sudo nano /etc/nginx/sites-available/sample

Now in the opened configuration file, copy and paste the following file. Don’t forget to change the name that you chose earlier (in this case, we are using a sample). The following configuration block is similar to the default but updated for our new directory and domain name:

server {
       listen 80;
       listen [::]:80;
       root /var/www/sample;
       index index.html index.htm index.nginx-debian.html;
       server_name sample www.sample;
       location / {
               try_files $uri $uri/ =404;

Note that we’ve updated the root configuration to our new directory and the servr_name to our domain name.

Next, let’s enable the file by creating a link from it to the sites-enabled directory, which Nginx reads from during startup. This will create two server blocks enabled and configured to respond to requests.

sudo ln -s /etc/nginx/sites-available/sample /etc/nginx/sites-enabled/

You might encounter problems adding additional server names; therefore, adjust a small value in the /etc/nginx/nginx.conf file. First, open the file:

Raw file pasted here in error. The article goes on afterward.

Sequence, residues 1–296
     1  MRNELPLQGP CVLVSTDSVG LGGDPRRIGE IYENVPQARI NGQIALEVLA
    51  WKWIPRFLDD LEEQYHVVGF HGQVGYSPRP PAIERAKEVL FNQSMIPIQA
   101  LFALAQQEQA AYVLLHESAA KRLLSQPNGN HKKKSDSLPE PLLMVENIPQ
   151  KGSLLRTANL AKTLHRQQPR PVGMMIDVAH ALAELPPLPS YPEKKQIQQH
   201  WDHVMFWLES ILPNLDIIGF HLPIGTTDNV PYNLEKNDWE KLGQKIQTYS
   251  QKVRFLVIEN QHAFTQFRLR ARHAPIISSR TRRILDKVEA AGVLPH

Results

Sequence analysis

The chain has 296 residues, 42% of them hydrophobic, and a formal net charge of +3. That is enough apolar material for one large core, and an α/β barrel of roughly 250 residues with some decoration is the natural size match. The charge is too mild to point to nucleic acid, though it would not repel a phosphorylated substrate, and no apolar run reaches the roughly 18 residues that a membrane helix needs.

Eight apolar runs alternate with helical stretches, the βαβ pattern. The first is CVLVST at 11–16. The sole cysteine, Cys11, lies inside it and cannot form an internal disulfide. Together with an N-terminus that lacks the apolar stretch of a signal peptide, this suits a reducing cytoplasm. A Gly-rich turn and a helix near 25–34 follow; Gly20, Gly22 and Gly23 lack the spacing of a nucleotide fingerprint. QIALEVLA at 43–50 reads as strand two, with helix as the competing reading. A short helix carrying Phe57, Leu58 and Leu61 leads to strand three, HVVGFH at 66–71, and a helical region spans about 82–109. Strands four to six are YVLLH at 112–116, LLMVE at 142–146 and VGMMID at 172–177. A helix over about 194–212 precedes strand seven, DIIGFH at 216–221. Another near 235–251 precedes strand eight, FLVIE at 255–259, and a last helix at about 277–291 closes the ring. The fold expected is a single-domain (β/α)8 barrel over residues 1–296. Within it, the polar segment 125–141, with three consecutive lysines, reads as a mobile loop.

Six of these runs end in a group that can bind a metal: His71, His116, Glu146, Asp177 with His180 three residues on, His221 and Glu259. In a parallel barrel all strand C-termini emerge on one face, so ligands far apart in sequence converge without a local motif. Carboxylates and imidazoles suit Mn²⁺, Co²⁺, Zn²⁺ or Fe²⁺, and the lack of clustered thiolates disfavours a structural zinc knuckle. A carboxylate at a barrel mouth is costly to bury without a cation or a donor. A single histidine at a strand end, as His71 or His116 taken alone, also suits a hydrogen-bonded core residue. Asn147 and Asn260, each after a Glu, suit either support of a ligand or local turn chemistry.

sudo nano /etc/nginx/nginx.conf

Find the server_names_hash_bucket_size directive and remove the # symbol to uncomment the line.

Save and close the file once done. Next, test to make sure that there are no syntax errors in any of your Nginx files:

sudo nginx -t

Activate virtual host

We’re ready with all the needed configurations; let’s go ahead and restart the Nginx that will enable the changes made:

sudo systemctl restart nginx

Test your Nginx server

Let’s check if everything works as it should. Open our newly created site in a web browser. Remember that we used:80 port.

If you see an output similar to the one seen below, you have successfully configured and set up the Nginx Web server.


Now that your web server is installed, you have many options for the type of content to serve and the technologies you want to use to create a richer experience. If you have any problems along the way, don’t hesitate to contact us; we will be happy to help you. If you liked this article, don’t forget to share it with your colleagues.